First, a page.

The Torah consists of 613 mitzvot — positive and negative commandments. Primarily they are divided into three categories: eidut — Testimonial laws — such as Shabbat, tefillin and circumcision, chukim — statutes (decrees) — laws that are not understandable, such as not wearing kilayim — a mixture of wool and linen, not eating pig, and the law of the parah adumah — the red cow — and mishpatim — civil laws — which are called ordinances because they are logical.

The most difficult chok to comprehend is the parah adumah. Even King Shlomo, the wisest of all men (1 Kings, 5:11) exclaimed, “Amarti echakamah vehi rechokah mimeni” — “I said I would be wise but it is far from me” (Ecclesiastes 7:23). Our Sages (Midrash Rabbah 19:3, 6) explain that he was referring to the red cow statute, which he, too, was unable to comprehend.

Though it is the quintessential decree of the Torah, it is nevertheless only one of the many chukim — statutes. If so, why does it say “Zot chukat haTorah” — “This is the statute of the Torah” — instead of “Zot chukat parah adumah” — “This is the statute of the red heifer”?

The laws concerning the parah adumah are paradoxical. On the one hand, when the mixture is sprinkled on the defiled person, he becomes cleansed. On the other hand, those who are involved in the preparation of the parah adumah become defiled.

The people appointed to prepare the parah adumah may rationally argue, “Why should we become defiled for the sake of those who were not careful to avoid contact with a corpse?”

Through the statute of parah adumah the Torah is teaching that a Jew must help another Jew, even if it requires sacrifice. This is “chukat haTorah” — “a basic principle of Torah” — and though we may not easily comprehend it, we must practice it in our daily lives.

My dear Bar Mitzvah, hopefully, you will go out of your way to help other Jews, and Hashem, so to say, will go out of His way and reward you with an extremely abundant measure of kol tuv — all the good, begashmiyut v’beruchniyut — materially and spiritually.


Parshat Chukat deals with the laws of how someone who became defiled due to the contact with a corpse can regain his purity. Briefly, it is accomplished through slaughtering a parah adumah — red cow — burning it and mixing the ashes with spring water, and sprinkling it on the contaminated person.

A cow that meets the qualifications and particulars of a parah adumah — red cow — is extremely rare. Consequently, it is extremely valuable and can make its owner wealthy.

In the Gemara (Kiddushin 31a) Rabbi Eliezer is asked, “To what extent is the mitzvah of honoring parents obligatory?” He answers, “Take a lesson from a gentile named Dama ben Net­ina. Once there was a need to purchase stones for the eifod (the apron worn by the Kohen Gadol). It was an opportunity for him to earn a vast sum of money, but he refused to make the sale because the key to the safe was under his father’s pillow and he did not want to awaken him. A year later G‑d rewarded him: A red heifer was born to a cow in his herd, and the Sages offered to buy it. He replied, ‘I know that you will gladly give whatever price I ask for the heifer. However, I only request that you pay me the amount of money I lost through honoring my father.’ ”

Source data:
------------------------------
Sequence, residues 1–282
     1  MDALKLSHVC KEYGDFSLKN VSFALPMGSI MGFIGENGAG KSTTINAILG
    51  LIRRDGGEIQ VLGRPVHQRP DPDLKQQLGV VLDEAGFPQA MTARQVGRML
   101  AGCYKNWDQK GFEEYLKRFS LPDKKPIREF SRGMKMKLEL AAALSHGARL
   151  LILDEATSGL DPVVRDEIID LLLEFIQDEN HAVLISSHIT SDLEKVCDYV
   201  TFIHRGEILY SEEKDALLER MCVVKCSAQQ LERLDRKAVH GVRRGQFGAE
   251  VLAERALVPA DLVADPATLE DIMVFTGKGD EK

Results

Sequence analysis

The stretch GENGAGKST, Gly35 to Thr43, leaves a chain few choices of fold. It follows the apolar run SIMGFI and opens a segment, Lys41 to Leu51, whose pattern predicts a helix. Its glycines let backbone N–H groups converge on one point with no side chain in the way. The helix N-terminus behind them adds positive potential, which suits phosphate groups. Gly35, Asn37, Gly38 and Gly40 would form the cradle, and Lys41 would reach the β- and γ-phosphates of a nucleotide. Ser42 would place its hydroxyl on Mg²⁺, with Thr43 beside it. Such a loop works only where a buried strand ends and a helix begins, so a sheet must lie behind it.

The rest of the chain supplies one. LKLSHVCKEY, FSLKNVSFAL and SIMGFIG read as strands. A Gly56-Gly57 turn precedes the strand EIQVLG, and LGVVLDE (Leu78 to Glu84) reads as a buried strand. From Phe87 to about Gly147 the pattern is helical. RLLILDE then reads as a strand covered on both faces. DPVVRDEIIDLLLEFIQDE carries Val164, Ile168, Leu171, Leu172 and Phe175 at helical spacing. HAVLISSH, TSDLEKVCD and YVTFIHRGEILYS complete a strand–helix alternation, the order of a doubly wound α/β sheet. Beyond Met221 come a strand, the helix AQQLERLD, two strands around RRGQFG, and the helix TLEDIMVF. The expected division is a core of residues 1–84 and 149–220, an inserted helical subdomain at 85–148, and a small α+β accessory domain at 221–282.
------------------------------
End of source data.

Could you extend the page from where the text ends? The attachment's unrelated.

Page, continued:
Couldn’t Rabbi Eliezer have found a Jew to emulate who extended himself to honor his father?

Rabbi Eliezer was conveying to his students a profound message on the subject of honoring parents.

Many are under the impression that honoring parents is something which our human comprehension dictates: Since our parents do so much to raise us and give us the best of everything, it is our obligation to reciprocate by honoring and respecting them.

According to Rabbi Eliezer this is an erroneous approach, and he was using the story of Dama ben Netina to discredit this attitude. He was not telling his students to emulate him and learn from him the extent of honoring parents, but rather, to learn from the reward he received the profundity of the mitzvah.

If Hashem wanted to help him recover his loss, why was it necessarily in the form of red heifer?

The Torah is divided into three categories: eidot (testimonies), mishpatim (civil laws), and chukim (statutes, laws with no apparent rationale). The ultimate statute is the law of the red heifer. It is totally incomprehensible according to our limited intellect, and we obey it only because it is G‑d’s will.

Likewise, the message to be learned from Dama ben Netina’s reward is that honoring parents is obligatory even if our thinking cannot find a rationale for it. The mitzvah of honoring parents is a super-rational law; we must do it because it is G‑d’s will.

My dear Bar Mitzvah — no doubt that the mitzvah of kibud av v’aim — honoring father and mother — is obligatory even if in a case where it cannot be rationalized, however, it definitely applies, too, when there is good reason to do so.

Personally knowing your parents and keenly aware of all the challenges, effort and dedication, they went through to bring you to your current level of Torah and Yiddishkeit, you owe it to them to honor them without any hesitation and reservation.

The way for you to do it is by giving them much Yiddish and Chassidish nachas in abundant measure. Mazal Tov and hatzlachah rabbah.